| 11.09,19. 07:24 PM |
Finding ways to fight fire without water as crews face 'nightmare scenario'
Giphy: A plane drops retardant on bushfires near Yamba in NSW
As bushfires worsen and towns dry up, fighting fires is becoming almost impossible
Fighting bushfires is only going to get more difficult for country towns close to running out of water.
Some of the worst drought-affected areas have been sacrificing the little water they have to fight blazes and are employing dry firefighting strategies because water sources are so scarce.
That has made fighting sometimes uncontrollable blazes these past few days extremely difficult and the precious water that remains has been sucked out to fight this fire.
"Nearly every dam is bone dry," said Queensland's Southern Downs Regional Council Mayor Tracy Dobie.
"There's no water in any creeks."
The towns of Stanthorpe and Warwick are in severe drought, with warnings the former could run out of water sooner than expected.
"There was three to four months water left in Stanthorpe's Storm King Dam (which supplies urban water) but I'm not concerned about using it, because the number one priority here has been to fight the fire," Cr Dobie said.
She said water may need to be trucked into Stanthorpe if dam levels are lowered significantly after the firefighting efforts.
Dry firefighting a possible solution
Because there is not enough water to extinguish the fires, crews around Stanthorpe and other drought-affected councils in the Tenterfield and Armidale regions have been forced to find solutions.
"We are moving into unprecedented conditions here, with very few sources available for firefighting," Armidale Regional Council Mayor Simon Murray said.
"The crews have been using dry firefighting techniques to provide a barrier so there is no organic material to burn."
Dry firefighting means using hand tools like rakes and hoes, putting in containment lines and using fire retardant.
Cr Dobie said the practice was essential in lieu of water.
"They've used excavators and bulldozers to clear a 20-metre wide containment line around the west of the Applethorpe fire," Cr Dobie said.
"It also means there's now a permanent firebreak around the western side of the area, so that's great forward thinking to use mechanical devices because it saves water; it's thinking short and long term."
It is likely to be a crucial firefighting strategy in the coming months, in what is tipped to be a long fire season, with more than 97 per cent of New South Wales and 65 per cent of Queensland in drought.
The New South Wales Fire Service has already urged its members to consider using dry firefighting techniques when working in areas experiencing drought.
Water bombing planes dropping fire retardants are also being used in the bushfires near Tenterfield in northern New South Wales, which mayor Peter Petty said was effective in "putting out fires in a large area".
He said recycled water was also being put to use.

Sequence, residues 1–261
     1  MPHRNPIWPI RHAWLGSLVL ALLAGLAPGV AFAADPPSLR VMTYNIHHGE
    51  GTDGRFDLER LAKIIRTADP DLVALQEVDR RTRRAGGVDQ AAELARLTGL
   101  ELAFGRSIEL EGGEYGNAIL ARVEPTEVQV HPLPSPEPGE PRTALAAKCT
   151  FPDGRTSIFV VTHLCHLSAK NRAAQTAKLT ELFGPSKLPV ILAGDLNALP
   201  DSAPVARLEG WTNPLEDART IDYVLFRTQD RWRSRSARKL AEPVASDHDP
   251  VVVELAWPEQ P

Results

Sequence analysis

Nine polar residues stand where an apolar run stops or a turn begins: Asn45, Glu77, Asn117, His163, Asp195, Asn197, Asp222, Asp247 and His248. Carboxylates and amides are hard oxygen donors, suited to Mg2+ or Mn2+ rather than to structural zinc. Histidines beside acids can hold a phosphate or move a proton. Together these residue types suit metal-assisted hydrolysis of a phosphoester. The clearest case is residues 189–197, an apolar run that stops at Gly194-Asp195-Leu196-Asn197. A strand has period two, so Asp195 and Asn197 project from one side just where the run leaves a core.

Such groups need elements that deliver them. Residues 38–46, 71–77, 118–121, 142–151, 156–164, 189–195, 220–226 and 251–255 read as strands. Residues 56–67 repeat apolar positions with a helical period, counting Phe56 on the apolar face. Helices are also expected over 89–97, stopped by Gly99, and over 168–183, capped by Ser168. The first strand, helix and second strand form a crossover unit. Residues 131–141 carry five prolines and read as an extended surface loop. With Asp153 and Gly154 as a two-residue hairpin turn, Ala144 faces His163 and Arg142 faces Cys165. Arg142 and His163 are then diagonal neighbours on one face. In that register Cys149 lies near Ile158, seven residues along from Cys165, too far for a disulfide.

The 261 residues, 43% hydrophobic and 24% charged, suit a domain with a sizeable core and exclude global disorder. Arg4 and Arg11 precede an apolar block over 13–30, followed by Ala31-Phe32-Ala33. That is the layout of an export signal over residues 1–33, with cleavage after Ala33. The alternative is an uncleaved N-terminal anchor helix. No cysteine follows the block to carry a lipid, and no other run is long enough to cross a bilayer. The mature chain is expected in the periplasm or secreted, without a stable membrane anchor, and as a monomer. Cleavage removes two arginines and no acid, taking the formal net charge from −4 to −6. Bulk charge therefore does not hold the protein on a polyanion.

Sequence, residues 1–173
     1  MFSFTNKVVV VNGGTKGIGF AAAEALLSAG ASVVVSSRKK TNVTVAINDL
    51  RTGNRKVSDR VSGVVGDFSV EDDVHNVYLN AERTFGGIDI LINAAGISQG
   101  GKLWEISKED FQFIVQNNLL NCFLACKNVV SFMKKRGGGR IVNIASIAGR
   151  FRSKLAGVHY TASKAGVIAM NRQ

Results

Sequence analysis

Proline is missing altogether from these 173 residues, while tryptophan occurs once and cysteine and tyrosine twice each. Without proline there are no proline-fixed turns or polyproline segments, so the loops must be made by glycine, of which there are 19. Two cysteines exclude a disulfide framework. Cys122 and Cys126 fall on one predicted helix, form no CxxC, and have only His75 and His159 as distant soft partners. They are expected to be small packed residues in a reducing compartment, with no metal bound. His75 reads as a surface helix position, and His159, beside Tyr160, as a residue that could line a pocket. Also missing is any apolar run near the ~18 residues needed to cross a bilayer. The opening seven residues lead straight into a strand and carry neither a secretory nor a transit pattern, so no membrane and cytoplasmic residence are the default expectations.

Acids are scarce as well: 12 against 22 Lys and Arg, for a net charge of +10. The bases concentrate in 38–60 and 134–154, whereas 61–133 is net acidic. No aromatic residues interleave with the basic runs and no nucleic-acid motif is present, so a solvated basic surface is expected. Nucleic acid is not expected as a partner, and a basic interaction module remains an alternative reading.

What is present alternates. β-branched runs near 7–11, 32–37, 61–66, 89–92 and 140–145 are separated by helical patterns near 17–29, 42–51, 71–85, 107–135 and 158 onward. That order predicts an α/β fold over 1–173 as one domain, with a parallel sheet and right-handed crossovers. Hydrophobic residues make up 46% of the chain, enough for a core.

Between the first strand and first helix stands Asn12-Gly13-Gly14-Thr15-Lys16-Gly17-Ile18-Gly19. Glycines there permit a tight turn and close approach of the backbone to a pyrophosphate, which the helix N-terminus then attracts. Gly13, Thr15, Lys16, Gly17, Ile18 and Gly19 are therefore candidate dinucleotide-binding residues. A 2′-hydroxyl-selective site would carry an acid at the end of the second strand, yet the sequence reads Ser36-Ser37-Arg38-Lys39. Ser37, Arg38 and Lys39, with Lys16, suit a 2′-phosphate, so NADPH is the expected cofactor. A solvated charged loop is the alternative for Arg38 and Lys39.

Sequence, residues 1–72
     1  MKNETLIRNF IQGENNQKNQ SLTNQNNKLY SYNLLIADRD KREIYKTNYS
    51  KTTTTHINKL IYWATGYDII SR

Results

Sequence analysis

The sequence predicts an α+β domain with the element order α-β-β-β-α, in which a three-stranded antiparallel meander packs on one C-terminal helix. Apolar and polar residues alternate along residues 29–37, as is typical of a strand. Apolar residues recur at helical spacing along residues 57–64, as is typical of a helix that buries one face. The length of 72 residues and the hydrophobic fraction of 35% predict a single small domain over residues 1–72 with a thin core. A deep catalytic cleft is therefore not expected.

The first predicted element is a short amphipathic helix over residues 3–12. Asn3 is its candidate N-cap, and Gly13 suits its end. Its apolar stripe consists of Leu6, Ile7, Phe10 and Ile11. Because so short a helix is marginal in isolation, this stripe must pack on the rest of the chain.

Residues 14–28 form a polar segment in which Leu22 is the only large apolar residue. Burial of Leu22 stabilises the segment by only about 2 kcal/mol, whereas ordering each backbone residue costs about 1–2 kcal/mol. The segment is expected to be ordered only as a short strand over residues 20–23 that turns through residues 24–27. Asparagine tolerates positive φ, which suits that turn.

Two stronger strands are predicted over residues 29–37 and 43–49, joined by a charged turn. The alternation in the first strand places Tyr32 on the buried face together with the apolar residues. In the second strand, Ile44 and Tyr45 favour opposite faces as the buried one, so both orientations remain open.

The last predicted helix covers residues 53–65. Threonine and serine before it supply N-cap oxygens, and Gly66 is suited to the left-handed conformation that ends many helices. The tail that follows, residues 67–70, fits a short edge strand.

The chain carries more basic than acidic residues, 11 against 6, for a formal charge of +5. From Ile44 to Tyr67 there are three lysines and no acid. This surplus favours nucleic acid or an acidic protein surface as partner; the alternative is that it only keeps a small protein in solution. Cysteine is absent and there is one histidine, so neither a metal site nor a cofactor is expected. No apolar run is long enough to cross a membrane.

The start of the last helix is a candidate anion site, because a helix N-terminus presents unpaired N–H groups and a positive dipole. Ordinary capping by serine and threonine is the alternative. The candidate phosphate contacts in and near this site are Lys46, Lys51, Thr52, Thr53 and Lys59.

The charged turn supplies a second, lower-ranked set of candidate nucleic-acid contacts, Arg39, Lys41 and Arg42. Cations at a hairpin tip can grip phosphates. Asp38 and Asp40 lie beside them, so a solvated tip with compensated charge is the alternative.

"We offered to the firefighters all through this fire the water from our sewerage treatment plant [and] the crews have used a substantial amount of that," Cr Petty said.
"It has been a relief and it means everything not to use town water; we can't afford to be using it."
Fire ecologist David Bowman said what was happening in Queensland and NSW was "a nightmare scenario for firefighting" and that dry firefighting could only go so far.
"[Fires] can't be defeated using the sort of technologies that you would normally fight fires with, because you've got such incredible extreme fuel dryness," he said.
"There's not some technology that you just spin up and you can go and put the fire out.
"Fires like this are hugely complicated things to fight and very difficult to the people involved in fighting them."
Aerial firefighting is increasingly relied upon by firefighters, but Professor Bowman said that was incredibly expensive and not sustainable.
He said the current bushfire situation was a wake-up call and now was the right time to start talking about a mind-shift in how we think about landscapes and fire.
"I think that we're now at a really interesting transition, where we're no longer talking about what could be, we're talking about what is," he said.
'Retrofitting' the landscape
Professor Bowman said where people lived and how houses were built needed to change because it was no longer safe to live in fire-prone landscapes.
"We have to get the community and all levels of government on board for basically, a gigantic landscape retrofit to get safe," he said.
"The landscapes we're in, with climate change are becoming increasingly dangerous."
He said it was extremely irresponsible to deny these events were not related to climate change.
"Highly experienced firefighters are seeing fire behaviours completely outside their worst imaginings and this is not just an Australian problem," he said.
"We're seeing this all around the world, these new five behaviours.
"This is an expression of climate change [and] we've got to understand what's happening."